Hey, Anna Kendrick’s gonna be in a new movie! That’s great news — I’ve enjoyed Anna Kendrick’s work in the past. Let’s see what she’s up to, according to Justin Kroll of Variety.
“Currently going by the running title Nicole, the story revolves [around] Santa’s daughter who is forced to take over the family business when her father decides to retire and brother ends up getting cold feet prior to his first big Christmas Eve flight.”
There was never a point in Kendrick’s career at which she wasn’t mailing in the occasional C-minus filler movie, and that’s fine. Some of those — Get a Job, The Accountant — were probably conceits that looked good on the page and didn’t land; even if that weren’t the case, there’s nothing wrong with just showing up to collect a paycheck from time to time. If making Twilight enabled Anna Kendrick to make Drinking Buddies, then Twilight is an undeniable good.
But there was a time when Anna Kendrick was fucking awesome, when she was threading that impossible-to-thread, ridiculous-that-we-even-ask-actresses-to-do-this needle of being cool, funny, clever, and likable — of being all things to all people. Somewhere along the line, that just stopped.
How and when this happened could have something to do with what made Kendrick so great (or at least why I liked her so much) in the first place. Her best early performances were as heightened versions of people I was friends with in high school, which is to say, the kind of people who would hang out with a band geek/uptight AP-circuit weenie. Rocket Science, Scott Pilgrim vs. the World, 50/50, Drinking Buddies, and, most importantly, Up in the Air established Kendrick as Hollywood’s Designated Girl Next Door, until Jennifer Lawrence body-checked her out of that spot three years later with the press tour for Silver Linings Playbook.
Peak Kendrick was soon revealed with Pitch Perfect, because Kendrick always came across as the kind of person who’d freak out about her homework until you got two or three beers in her, at which point it’d come out that she knew all the words to every song in Beauty and the Beast, and that it’s not weird that you also know all the words to every song in Beauty and the Beast, and we should sing all of them, straight through together, right now.
Once it became clear that Kendrick could sing, she landed roles in The Last Five Years and Into the Woods. If Drinking Buddies and Up in the Air are movies for sort of generalized liberal arts tryhards, The Last Five Years and Into the Woods are catnip for the tryhardiest tryhards of all: drama club tryhards. The Last Five Years is what the younger brothers and sisters of annoying RENT fans were singing in the halls of their dorms circa 2014.
So when promo clips for The Last Five Years started coming out, they showed Anna Kendrick, new Queen of the Drama Tryhards, wearing a yellow scarf and making out with a dude in a convertible in all of the show’s sung-through glory.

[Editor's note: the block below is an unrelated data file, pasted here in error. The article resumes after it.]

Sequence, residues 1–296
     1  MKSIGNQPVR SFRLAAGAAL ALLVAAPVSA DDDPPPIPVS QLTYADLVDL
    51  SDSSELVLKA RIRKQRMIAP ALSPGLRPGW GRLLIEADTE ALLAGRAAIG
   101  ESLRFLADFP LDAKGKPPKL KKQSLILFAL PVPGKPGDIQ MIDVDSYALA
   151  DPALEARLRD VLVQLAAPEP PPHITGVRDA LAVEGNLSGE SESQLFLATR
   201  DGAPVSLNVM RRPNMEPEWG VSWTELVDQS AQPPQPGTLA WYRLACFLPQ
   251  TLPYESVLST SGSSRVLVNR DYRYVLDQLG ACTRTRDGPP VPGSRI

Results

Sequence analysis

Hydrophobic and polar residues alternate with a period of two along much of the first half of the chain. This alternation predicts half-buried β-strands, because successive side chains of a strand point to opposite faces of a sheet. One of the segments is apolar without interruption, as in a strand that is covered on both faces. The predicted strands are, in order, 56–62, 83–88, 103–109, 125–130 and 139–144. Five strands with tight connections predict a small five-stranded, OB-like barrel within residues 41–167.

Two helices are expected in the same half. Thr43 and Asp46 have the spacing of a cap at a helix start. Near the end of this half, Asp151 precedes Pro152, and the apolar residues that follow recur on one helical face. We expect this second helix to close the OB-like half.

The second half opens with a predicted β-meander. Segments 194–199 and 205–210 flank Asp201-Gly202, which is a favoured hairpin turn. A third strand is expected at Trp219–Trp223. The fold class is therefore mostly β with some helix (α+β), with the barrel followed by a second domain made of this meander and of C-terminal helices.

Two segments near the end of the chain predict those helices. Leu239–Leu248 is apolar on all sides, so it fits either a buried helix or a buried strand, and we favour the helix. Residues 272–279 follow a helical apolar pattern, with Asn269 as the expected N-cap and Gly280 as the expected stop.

God, I’m quivering in my tap shoes, clutching my old Godspell cast T-shirt, just thinking about those heady days. Almost reminds me of when Glee was good.
But The Last Five Years tanked: middling theatrical reviews, low-six-figure box office return on a limited theatrical release, and concurrent direct-to-VOD distribution. Pair that with Into the Woods, another monumental theater-kid totem, starring Chris Pine and Emily Blunt and no less a luminary than Meryl Streep herself, came out looking like the nighttime scenes from a Transformers movie and missing significant portions of the show.
That’s a crushing one-two blow for a drama kid — a “I guess I’ll just make Mike and Dave Need Wedding Dates” kind of blow. (Mike and Dave Need Wedding Dates feels particularly like Kendrick doing penance because it features Kendrick’s Pitch Perfect costar Adam Devine plus Zac Efron, the Greek god of Funny, Pretty Young Actors Who Tanked a Musical Once and Are Trying Like Crazy to Get Their Groove Back.)
Anna Kendrick mailing in children’s movies — yes, I listened to a song on the Trolls soundtrack — does nobody any good. Anna Kendrick playing Santa’s daughter does nobody any good.
So here’s what I promise to do to change that. [Turns to address the audience.] In service of restoring Fun Anna Kendrick to the Hollywood Universe, the next time she tries to get back in the musical theater game, whatever that show may be, I will go see the movie and encourage everyone I know to do the same. If she wants to do Wicked, I’m there on opening night. If she wants to do a film adaptation of Chess, I will sit through Aaron Tveit signing “One Night in Bangkok” and stand up and clap at the end. I will move heaven and earth to support her Gilbert and Sullivan revue on NBC, if that’s what it takes to get fun Anna Kendrick back.